You say you have obeyed God and done what is good. But God’s Law says back to you: What have you desired? What have you wanted? What have you thought? This shows you what is really inside of you. As Jesus said, “For out of the heart proceed evil thoughts, murders, adulteries, fornications, thefts, false witness, blasphemies. These are the things which defile a man.” (Matthew 15:19-20) The Ten Commandments do not just tell you how to behave. They tell you what you must want. You must want to do what is best for your neighbor. You must sincerely desire his well being just as much as you desire your own. If you do not, you have not obeyed the Ten Commandments. You say you have obeyed some of God’s commandments? St James writes, “For whoever shall keep the whole law, and yet stumble in one point, he is guilty of all.” (James 2:10).
Listen to the words of the great hymn by Paul Speratus, “Salvation Unto Us Is Come.”
What God doth in His law demand
No man to him could render.
Before this Judge all guilty stand;
His law speaks curse in thunder.
The law demands a perfect heart;
We were defiled in every part,
And lost was our condition.
It was a false, misleading dream
That God His law had given,
That sinners could themselves redeem
And by their works gain heaven.
The law is but a mirror bright
To bring the inbred sin to light
That lurks within our nature.
I don’t want to look into that mirror and see how ugly I am. So I set aside the law that accuses me, ignore it, and go my way. But I cannot silence the law. It follows me wherever I go and it won’t stop accusing me because that is what God wants it to do: accuse! Listen to how St. Paul described it. “I would not have known sin except through the law. For I would not have known covetousness unless the law had said, ‘You shall not covet.’” (Romans 7:7) The law accuses. And he accuses rightly because he is holy, pure, and perfectly fair. You should not have coveted what was intended for your neighbor’s benefit, as if what you wanted was more important than what your neighbor wanted. You should have wanted what was good for your neighbor as much as you wanted what was good for you. But you did not. So the law stands against you.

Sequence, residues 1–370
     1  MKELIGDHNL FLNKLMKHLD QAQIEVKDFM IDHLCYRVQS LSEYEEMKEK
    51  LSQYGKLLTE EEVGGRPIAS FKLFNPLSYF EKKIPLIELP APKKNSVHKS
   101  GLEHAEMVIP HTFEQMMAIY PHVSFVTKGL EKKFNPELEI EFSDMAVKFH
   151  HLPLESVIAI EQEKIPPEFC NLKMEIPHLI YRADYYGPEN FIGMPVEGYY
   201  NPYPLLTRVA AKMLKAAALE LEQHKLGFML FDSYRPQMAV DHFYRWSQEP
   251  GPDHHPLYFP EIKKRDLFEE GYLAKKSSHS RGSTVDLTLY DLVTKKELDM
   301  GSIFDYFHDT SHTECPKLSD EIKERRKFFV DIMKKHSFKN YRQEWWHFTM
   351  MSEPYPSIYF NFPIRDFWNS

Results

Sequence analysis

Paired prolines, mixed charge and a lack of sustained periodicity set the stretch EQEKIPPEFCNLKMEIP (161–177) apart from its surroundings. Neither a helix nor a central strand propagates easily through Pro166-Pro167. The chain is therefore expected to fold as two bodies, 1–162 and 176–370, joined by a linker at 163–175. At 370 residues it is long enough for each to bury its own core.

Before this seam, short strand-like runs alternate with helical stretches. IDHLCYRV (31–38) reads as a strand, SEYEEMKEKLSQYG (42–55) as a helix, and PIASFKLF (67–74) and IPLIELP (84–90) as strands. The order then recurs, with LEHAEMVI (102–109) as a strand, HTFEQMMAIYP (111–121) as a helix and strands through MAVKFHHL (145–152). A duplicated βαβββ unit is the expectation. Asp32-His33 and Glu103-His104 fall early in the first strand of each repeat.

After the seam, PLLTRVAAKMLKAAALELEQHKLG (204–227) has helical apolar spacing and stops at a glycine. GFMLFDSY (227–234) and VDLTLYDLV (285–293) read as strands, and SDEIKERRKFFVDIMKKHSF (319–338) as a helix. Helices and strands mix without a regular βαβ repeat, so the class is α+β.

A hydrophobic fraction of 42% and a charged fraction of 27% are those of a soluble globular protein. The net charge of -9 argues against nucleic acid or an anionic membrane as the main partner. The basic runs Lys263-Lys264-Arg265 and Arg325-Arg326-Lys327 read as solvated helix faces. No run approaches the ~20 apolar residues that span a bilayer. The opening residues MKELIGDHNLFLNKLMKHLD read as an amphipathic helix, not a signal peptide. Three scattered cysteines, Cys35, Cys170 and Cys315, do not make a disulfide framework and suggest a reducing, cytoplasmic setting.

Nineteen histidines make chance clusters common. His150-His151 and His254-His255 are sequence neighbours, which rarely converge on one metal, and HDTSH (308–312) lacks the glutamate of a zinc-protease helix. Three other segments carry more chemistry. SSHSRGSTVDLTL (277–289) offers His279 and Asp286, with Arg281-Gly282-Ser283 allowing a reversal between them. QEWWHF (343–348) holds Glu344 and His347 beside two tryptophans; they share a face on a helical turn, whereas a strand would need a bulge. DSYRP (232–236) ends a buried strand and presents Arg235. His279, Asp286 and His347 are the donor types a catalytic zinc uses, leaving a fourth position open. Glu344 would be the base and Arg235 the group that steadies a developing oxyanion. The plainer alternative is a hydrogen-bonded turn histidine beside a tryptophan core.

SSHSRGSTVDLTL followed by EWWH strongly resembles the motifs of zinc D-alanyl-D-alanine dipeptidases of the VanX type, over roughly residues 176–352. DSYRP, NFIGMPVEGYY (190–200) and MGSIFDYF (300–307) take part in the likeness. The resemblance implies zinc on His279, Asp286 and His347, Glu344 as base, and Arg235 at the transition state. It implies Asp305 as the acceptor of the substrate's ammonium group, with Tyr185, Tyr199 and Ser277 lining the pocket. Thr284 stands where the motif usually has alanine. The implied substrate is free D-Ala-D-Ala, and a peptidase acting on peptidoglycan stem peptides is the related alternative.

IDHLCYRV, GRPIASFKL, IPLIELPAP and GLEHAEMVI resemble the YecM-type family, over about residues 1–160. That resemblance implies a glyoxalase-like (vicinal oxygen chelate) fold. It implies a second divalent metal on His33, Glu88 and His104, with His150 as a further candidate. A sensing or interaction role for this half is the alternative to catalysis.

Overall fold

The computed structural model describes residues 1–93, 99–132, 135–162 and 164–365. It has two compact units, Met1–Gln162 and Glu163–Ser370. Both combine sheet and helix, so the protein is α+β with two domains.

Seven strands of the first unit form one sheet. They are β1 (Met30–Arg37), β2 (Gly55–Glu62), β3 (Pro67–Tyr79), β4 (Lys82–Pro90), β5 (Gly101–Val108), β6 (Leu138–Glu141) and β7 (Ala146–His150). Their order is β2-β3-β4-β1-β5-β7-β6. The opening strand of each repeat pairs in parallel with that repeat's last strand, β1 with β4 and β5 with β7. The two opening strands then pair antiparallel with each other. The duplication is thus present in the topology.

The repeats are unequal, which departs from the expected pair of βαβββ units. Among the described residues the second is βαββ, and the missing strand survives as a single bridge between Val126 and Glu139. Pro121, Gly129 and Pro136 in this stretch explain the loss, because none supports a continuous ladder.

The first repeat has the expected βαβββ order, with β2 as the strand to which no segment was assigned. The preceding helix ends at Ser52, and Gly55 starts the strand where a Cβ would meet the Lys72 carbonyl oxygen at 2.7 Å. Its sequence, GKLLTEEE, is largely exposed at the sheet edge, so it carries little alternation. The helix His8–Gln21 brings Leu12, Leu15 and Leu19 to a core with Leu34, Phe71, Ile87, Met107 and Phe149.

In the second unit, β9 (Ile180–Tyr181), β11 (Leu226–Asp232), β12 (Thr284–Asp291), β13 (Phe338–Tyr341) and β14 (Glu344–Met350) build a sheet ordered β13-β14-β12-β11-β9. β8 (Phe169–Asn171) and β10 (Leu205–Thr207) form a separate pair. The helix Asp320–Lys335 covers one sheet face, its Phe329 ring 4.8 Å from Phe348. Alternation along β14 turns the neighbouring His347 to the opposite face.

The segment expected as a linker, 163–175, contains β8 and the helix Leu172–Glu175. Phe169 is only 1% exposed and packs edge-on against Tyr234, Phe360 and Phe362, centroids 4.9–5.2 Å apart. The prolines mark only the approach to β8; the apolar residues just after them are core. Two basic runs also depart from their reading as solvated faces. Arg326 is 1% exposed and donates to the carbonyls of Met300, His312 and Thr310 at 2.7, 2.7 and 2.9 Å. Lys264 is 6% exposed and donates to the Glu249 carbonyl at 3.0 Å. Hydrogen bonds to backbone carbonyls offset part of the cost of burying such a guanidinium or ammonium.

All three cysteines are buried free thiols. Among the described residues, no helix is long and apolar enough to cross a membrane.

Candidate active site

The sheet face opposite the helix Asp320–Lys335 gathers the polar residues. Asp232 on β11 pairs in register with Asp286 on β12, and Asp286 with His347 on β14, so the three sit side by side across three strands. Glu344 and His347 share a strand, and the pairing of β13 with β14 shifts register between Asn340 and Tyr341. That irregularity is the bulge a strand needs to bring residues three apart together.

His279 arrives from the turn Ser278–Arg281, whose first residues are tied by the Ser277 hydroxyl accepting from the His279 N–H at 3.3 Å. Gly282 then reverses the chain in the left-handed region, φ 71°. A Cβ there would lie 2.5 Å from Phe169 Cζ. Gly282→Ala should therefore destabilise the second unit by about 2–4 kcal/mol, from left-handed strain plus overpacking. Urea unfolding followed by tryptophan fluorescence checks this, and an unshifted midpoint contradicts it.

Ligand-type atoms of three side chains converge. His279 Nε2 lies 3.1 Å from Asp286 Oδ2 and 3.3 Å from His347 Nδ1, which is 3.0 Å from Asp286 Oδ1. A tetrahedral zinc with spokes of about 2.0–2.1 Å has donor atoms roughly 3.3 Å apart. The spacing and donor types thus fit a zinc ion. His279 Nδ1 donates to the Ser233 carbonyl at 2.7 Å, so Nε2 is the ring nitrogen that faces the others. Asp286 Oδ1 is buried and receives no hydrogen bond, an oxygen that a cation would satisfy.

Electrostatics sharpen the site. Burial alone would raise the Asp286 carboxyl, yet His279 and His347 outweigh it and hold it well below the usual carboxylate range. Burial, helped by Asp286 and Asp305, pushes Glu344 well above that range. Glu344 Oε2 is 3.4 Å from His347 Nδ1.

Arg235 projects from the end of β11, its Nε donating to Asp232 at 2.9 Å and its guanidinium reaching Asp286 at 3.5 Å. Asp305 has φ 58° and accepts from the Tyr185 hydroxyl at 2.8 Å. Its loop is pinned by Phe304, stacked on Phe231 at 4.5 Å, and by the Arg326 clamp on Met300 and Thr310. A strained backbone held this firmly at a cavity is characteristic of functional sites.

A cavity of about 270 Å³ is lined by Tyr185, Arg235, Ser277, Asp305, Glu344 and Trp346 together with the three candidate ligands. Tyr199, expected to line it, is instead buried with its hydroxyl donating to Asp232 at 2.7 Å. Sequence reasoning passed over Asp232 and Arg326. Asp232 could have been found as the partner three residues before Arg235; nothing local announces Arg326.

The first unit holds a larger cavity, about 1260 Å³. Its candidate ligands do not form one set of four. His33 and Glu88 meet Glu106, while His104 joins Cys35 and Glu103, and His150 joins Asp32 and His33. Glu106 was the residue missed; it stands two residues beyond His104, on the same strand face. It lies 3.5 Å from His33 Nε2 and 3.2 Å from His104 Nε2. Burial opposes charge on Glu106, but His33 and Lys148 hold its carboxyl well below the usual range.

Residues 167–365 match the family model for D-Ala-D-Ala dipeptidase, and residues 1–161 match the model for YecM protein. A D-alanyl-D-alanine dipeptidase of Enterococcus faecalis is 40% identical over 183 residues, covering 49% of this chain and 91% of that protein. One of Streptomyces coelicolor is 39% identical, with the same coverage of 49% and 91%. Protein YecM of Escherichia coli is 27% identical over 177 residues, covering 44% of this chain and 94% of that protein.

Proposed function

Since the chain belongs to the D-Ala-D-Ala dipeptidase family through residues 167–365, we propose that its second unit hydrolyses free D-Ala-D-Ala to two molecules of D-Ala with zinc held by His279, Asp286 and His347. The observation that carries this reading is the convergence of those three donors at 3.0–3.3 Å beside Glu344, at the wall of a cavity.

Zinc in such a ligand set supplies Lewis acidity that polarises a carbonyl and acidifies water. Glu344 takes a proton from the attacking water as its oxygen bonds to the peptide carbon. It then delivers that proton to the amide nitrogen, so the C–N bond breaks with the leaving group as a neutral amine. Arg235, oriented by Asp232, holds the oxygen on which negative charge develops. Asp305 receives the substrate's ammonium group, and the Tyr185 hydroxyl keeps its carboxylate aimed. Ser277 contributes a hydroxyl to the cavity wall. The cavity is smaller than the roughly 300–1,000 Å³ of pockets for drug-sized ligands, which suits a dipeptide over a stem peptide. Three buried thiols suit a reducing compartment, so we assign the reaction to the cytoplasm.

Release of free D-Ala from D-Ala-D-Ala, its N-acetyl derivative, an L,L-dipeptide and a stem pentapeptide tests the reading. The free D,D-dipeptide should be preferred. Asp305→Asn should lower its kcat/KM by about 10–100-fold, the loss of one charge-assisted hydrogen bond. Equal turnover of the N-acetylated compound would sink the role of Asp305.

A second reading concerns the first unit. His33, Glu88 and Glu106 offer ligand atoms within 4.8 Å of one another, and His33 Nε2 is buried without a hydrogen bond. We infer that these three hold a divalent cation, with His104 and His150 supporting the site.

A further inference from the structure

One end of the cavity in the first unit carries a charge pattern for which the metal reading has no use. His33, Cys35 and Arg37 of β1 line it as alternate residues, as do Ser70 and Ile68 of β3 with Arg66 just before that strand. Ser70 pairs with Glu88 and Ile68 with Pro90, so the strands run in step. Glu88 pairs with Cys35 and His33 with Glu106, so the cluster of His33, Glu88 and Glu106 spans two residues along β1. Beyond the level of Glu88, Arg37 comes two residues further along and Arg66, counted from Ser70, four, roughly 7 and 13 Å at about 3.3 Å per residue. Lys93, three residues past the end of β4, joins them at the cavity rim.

And the law leaves us helpless on the side of the road, beaten, stripped of any dignity, dirty, bruised, and half-dead. There we are. The law sees us there and in implacable judgment walks on by. He walks on by without a single word of encouragement or help. All he can do is accuse, for that is his nature, to accuse. He is the law, after all, and the law is pure and holy and right, and we are impure, sinful, and wrong.
And then there comes to us the Good Samaritan. The One despised and rejected by men. He sees us in our helpless condition and he doesn’t walk by on the other side of the road. He rather comes to us, and has compassion on us. He sees us mired in our own sin, and he lifts us out of the filth we ourselves created. He bears us up on his donkey, and carries us to the Inn. He does for us what we wouldn’t do for our neighbor. And he does it purely out of his infinite love for us. He obeys where we disobeyed. He loves where we hated. He offers his obedience to God in the place of our disobedience. He willingly bears the punishment for all of our sin. The law had no claim on him. He was the good man. He had no use at all for a law. The law is designed for sinners. It could teach Jesus nothing. Jesus did by nature what was only good and right and pure. The law is for those who are born in sin and who desire what is sin and who cannot make themselves into anything other than sinners. The righteous man, Jesus, obeyed that law in the place of us sinners. He met all of its demands, and now he gives to us the credit for what he did.
In holy baptism, Jesus covers us with the robe of his own righteousness. He makes us good. He makes us good by giving us the credit for the good he did. Now we are good as we hold on in simple, child-like faith to the Jesus whom we have put on in holy baptism. In Jesus’ name, by Jesus’ word and authority, and for Jesus’ sake, we are good people. We are righteous people. Our righteousness is nothing less than the obedience of Jesus Christ himself.
Furthermore, we have in us the Holy Spirit, who daily fights against the lust, the greed, the covetousness, the hatred, and every other manifestation of evil inside of us. The Holy Spirit makes us holy by giving us the forgiveness of sins that Jesus has won and by changing us on the inside to love God and to love our neighbor. The Holy Spirit will not forsake us. He is our Comforter. He works through the gospel to strengthen us in our faith. When he convicts our conscience of sin, this is always for the sake of comforting us with the forgiveness of sins. In this way he keeps us trusting, not in ourselves or in our good works, but always and only in Jesus Christ and his obedience all the way to the death of the cross. In Jesus’ name, Amen.